A group of religious leaders in Ghana are calling for an immediate temporary ban on small-scale mining to help deal with illegal mining, popularly known as galamsey.

clear rivers by June 2023

The unlawful mining activity has caused massive destruction to water bodies and lands in most mining areas, with many demanding for urgent action to fight the canker.

Addressing the media on behalf of the religious leaders, the National President of the Full Gospel Business Men’s Fellowship International Ghana, Emmanuel Baba Mahama outlined some policies that government could adopt in tackling the menace.

“We have noticed that many companies hide behind legal small-scale mining, to wreak havoc on the environment.

To that end, we call for the immediate ban on all forms of small-scale mining, whether licensed or not, until a workable and satisfactory roadmap has been established to ensure responsible mining in our country.”


The group also threatened to use legal means in ensuring the dismissal of Metropolitan Municipal and District Chief Executives supervising illegal mining activities in their areas, if the river bodies are not returned to their normal state by June 30, 2023.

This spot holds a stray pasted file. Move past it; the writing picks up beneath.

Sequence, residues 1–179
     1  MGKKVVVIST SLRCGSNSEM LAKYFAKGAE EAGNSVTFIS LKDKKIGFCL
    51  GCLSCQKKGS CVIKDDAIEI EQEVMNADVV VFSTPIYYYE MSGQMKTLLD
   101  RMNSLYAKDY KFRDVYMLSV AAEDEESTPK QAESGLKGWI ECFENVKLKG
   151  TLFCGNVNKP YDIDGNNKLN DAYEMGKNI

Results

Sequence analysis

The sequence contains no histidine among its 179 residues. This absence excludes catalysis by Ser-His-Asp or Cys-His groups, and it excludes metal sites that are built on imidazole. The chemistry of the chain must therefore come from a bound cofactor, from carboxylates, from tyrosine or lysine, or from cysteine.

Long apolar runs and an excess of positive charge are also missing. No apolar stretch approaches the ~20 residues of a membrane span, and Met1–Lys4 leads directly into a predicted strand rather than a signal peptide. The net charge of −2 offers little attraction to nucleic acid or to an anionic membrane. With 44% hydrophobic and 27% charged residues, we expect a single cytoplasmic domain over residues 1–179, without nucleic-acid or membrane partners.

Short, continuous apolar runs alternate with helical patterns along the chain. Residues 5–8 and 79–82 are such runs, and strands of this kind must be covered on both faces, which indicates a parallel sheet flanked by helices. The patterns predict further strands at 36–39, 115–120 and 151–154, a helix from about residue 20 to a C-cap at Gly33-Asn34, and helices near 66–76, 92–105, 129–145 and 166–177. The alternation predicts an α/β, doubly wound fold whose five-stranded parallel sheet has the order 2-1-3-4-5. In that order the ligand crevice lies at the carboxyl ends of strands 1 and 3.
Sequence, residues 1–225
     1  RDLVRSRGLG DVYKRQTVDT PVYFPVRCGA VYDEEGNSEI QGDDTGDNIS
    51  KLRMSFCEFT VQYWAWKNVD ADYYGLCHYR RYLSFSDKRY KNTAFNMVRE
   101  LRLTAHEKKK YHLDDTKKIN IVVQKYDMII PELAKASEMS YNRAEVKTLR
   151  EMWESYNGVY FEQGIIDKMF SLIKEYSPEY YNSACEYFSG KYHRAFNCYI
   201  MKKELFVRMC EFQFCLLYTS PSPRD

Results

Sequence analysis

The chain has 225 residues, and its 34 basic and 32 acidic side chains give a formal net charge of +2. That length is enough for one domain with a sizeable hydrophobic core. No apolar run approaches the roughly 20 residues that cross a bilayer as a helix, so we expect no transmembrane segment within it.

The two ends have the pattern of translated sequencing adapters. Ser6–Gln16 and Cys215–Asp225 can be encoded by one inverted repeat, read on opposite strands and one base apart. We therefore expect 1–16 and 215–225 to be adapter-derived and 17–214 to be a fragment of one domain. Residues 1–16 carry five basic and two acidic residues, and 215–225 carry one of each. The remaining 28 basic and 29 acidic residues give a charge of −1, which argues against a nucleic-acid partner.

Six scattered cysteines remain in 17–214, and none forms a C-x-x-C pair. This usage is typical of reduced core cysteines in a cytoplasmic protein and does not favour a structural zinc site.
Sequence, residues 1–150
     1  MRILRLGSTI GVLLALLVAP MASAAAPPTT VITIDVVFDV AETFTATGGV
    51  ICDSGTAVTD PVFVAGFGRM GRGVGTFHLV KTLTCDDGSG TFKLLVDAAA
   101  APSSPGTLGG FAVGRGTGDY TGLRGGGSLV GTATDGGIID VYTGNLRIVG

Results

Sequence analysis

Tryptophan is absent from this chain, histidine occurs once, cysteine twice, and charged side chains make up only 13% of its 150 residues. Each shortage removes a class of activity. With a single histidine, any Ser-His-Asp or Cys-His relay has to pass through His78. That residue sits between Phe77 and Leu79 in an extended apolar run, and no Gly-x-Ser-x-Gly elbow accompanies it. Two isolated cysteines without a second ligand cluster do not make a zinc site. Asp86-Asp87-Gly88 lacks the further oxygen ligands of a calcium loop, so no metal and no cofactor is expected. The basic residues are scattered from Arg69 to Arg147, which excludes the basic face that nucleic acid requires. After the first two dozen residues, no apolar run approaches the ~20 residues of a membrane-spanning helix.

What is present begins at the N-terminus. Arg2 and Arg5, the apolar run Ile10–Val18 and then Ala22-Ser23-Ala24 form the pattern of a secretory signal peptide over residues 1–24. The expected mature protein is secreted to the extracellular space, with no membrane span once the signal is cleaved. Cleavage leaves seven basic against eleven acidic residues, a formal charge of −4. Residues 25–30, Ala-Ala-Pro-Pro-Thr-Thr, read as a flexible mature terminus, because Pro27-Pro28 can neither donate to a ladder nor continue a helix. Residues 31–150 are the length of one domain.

“We give an ultimatum to MMDCEs in the country to ensure that, water bodies that have been polluted because of illegal mining are cleaned by June 30, 2022.

The religious bodies in the country are ready to mobilize legal teams to go to court and have MMDCEs who have allowed the menace in their jurisdiction removed.”

Chiefs have been noted as critical in the fight against illegal mining because of their authority over lands vested in them.

But they have also been criticised for being complicit in illegal mining.

The Asantehene, for example, said chiefs cannot absolve themselves of the blame for the destruction of the environment caused by illegal miners.

As part of the recent renewed attention on illegal mining, President Akufo-Addo met with the National House of Chiefs to seek their support in the illegal mining fight.